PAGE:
One of the numbers they should be looking at ties back to  this post from four years ago on local dependence on federal income support.  The gross provincial numbers may have changed but their ideal fishery still works on the idea that people make some money from their labour and the taxpayers cover the rest. 

You can see the numbers problem in the Muskrat Falls project, although there it’s a bit different.  The more people learn, the less they like the idea.  And a lot of that has to do with a detailed analysis of the numbers on demand, supply and export potential.  The numbers don’t add up to support the project. People actually get those numbers.

Meanwhile, the Equalization and federal transfer thing just came back in a rather curious way.  Old Tory warhorse Norm Doyle just got a sweet plum appointment to the Antechamber to the Kingdom of Heaven. After a stint in provincial politics (first elected 1979, retired 1993), Doyle took off for Ottawa as a member of parliament (elected 1997 election, and retired in 2008). Now he’s back as a senator (another fat salary, a light workload and pensionable time).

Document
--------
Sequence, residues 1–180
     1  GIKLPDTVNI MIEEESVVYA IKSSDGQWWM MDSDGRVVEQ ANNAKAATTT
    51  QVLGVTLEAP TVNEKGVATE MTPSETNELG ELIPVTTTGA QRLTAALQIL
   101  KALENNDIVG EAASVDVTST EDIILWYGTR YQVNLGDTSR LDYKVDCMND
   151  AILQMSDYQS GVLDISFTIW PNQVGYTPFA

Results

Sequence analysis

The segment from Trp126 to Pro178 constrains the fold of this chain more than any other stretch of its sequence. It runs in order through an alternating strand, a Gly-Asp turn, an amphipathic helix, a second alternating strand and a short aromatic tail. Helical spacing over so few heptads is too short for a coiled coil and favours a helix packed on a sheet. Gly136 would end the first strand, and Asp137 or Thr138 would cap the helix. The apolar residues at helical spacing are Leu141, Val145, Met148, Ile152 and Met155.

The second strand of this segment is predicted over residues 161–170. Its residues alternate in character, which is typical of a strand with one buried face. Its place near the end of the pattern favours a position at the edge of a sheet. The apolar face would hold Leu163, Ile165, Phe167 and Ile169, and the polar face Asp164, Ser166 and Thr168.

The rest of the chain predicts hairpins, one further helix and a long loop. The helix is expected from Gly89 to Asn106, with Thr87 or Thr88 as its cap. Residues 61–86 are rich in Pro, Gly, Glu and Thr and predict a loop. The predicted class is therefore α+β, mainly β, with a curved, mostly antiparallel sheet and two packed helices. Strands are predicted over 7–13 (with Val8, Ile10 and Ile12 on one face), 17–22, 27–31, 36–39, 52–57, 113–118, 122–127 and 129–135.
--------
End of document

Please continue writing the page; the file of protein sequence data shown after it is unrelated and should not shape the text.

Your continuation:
Doyle claims he just couldn’t handle retirement so he looked for a way back into politics.  Apparently volunteering on a party committee wasn’t enough.  And if he couldn’t handle retirement, counselling would have been cheaper for taxpayers for his personal (couldn’t volunteer or find a job or hobby) or psychological dysfunction but that’s another issue.

Doyle, you see, was a federal Tory who used the Equalization myths pushed by the provincial Conservatives to his own federal political advantage.  And then, when the political winds shifted, Doyle went with them federally.

The provincial myth mongers used that against Doyle, now rebranded as a traitor.  One e-mail correspondent to SRBP raised that issue after news broke of Doyle’s latest political gig.  The same issue is now starting to circulate on the Internet, not surprisingly from some of the most persistent purveyors of false and misleading political information. 

Funny how those numbers came back to bite Doyle on his political ass.

- srbp -